Thursday, September 6, 2012

Visually inspired

A few months ago, a picture store called Moana Road Art was having a closing down sale. As it was down the road from where I work, I walked past it every day and always admired these two photos on canvas, so when they went on sale for $29 each, I jumped at the chance and bought them, not caring that I didn't really have room to hang them (as I was living with the parents at the time) and that I would have to carry them in the wind for 20 minutes down to the train station, take up an extra seat on the train at rush hour, then carefully put them in the back on my car and drive them home. But I'm so glad I did!
They were taken sometime in the 1930s, and for those of you who don't know Wellington, the streets pictured are Cuba St (left) and Willis St, two of the city's most iconic streets. Today, buses repalce the trams, which I always thought was a shame, and after showing my aunty and uncle the pictures a few weeks ago, I think it's even more of a shame because of the dreamy looks and ear-to-ear smiles they had on their faces when they talked about how the trams sounded like they were in a canyon because of how narrow the streets were - the sound reverberrated off the buildings and you always knew if a tram was coming because of the roar - and then you would hear the chime of the bells. My dad and my aunty, his big sister, remember standing on James Smith's Corner waving little flags as they watched the Christmas parade go past, and would dash out onto the road to grab the lollies that were thrown to them. Whenever dad tells me that story it always makes me smile.
Today, Willis Street is lined with a mixture of banks, shops and cafes, and is constantly busy with commuters. Cuba Street is a bit of an "indie/hippie/bohemian" part of town - one of my favourite parts of town, with its vintage shops, record shops and cozy cute, often shabby-in-a-cool-kind-of-way cafes, and you're always guaranteed to walk past a busker, a homeless person, or someone with dreadlocks.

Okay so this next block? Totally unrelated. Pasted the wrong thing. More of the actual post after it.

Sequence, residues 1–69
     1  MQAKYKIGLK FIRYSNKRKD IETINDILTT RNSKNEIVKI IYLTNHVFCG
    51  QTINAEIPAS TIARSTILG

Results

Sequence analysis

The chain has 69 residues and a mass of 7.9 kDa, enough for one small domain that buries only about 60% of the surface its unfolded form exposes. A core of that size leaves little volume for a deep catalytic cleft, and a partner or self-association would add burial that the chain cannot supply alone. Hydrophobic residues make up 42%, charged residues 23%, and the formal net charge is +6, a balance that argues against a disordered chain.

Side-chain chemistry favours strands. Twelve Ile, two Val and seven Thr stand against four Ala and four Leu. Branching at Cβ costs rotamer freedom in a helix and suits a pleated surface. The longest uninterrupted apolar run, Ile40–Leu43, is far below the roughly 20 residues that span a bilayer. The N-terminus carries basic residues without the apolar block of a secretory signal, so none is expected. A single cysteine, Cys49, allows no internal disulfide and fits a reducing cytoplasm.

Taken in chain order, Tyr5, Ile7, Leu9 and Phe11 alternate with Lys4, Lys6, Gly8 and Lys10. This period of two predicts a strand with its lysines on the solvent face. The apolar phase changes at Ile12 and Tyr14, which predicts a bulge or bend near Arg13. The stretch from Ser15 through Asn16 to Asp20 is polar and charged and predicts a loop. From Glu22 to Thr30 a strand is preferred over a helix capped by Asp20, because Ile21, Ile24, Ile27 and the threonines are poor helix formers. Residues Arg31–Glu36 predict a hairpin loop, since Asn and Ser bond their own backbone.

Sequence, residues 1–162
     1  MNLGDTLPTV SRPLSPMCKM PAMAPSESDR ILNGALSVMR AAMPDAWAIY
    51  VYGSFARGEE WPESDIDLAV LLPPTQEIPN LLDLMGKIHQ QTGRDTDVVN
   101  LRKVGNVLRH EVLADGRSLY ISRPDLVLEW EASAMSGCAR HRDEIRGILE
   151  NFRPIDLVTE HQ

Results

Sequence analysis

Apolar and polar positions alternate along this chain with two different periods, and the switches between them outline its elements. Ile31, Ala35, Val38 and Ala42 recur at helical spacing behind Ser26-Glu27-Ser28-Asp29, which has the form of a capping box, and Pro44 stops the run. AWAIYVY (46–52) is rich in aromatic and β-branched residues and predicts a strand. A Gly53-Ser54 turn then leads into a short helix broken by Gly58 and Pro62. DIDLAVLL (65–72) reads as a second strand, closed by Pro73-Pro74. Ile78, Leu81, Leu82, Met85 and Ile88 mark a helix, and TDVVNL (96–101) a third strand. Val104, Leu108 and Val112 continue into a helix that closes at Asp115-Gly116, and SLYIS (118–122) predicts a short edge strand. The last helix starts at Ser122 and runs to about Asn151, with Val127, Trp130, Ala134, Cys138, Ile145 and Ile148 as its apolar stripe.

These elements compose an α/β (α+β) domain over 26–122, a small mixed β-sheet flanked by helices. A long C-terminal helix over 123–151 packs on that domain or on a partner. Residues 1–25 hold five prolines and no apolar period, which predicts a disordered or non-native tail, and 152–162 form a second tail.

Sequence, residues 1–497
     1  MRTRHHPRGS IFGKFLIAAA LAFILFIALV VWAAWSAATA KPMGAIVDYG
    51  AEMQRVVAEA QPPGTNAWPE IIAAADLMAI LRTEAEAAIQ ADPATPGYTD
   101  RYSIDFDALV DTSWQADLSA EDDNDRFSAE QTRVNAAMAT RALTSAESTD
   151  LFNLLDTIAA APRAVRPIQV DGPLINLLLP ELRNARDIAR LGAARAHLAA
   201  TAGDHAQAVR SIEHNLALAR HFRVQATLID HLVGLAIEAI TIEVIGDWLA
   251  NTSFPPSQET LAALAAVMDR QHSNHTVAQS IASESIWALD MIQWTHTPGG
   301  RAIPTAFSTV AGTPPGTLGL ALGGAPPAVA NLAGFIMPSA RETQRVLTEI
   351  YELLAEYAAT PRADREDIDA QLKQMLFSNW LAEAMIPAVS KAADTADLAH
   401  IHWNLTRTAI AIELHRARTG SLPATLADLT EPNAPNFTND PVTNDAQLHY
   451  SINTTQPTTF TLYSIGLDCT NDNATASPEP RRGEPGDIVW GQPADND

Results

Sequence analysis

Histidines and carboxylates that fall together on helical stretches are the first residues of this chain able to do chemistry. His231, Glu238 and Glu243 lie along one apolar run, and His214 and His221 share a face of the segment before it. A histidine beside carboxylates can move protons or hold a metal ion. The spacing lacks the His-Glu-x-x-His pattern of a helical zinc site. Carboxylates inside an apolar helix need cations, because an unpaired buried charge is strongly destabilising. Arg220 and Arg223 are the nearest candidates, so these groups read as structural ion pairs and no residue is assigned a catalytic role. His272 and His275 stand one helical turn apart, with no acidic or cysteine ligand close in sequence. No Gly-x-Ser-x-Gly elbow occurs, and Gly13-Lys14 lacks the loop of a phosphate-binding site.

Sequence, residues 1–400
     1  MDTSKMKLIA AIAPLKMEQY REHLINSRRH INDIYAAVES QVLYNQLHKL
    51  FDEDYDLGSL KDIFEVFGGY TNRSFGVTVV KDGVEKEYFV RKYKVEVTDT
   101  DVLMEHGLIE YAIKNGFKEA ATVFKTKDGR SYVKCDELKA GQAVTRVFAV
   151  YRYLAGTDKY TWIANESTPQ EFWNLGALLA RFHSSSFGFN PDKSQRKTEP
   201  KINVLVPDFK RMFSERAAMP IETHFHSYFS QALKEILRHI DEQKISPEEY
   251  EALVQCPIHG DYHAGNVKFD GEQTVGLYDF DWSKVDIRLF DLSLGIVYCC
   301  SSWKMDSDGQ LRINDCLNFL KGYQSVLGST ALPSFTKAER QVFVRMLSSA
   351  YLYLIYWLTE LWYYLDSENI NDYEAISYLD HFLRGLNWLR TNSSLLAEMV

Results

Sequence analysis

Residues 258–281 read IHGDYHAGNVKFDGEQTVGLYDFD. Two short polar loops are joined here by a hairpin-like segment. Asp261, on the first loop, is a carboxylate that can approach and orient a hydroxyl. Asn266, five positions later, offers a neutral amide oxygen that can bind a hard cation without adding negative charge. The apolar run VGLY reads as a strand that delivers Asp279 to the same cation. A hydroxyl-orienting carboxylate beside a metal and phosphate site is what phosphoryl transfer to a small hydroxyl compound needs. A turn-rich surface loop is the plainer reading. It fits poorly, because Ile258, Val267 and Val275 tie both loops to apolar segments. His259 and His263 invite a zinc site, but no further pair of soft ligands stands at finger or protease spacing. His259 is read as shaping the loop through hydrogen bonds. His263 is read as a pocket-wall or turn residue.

After hearing my aunty, uncle, and dad's stories, I lay on my bed and thought about how little Wellington has changed if you look closely. If you look up, most of the buildings that were there in the 30s are still there, only overshadowed by new buuildings. But what I've always loved about Wellington is the fact that we don't like to tear down a building to make way for a new one - we would rather preserve that building and work with it and around it. So although there are a lot of high-rises; a lot of glass and straight lines; if we take the time to look, the curves and the carvings and the masonry - the art, in fact, is still there, keeping secrets and telling stories.
As I looked up at my pictures, I could hear the roar of the trams and the chime of the bells clear as day and Arthur, Molly, Sophia, Duncan and Maria, characters in my novel-in-progress Missing Since Tuesday, became even more real to me as I pictured them on those streets running from trouble, falling in love, downing a pint in the pub before the six'o'clock swill...
Now those pictures have pride of place on the lounge wall in our new apartment - I see them every day, which keeps me inspired, giving me no excuse not to write.



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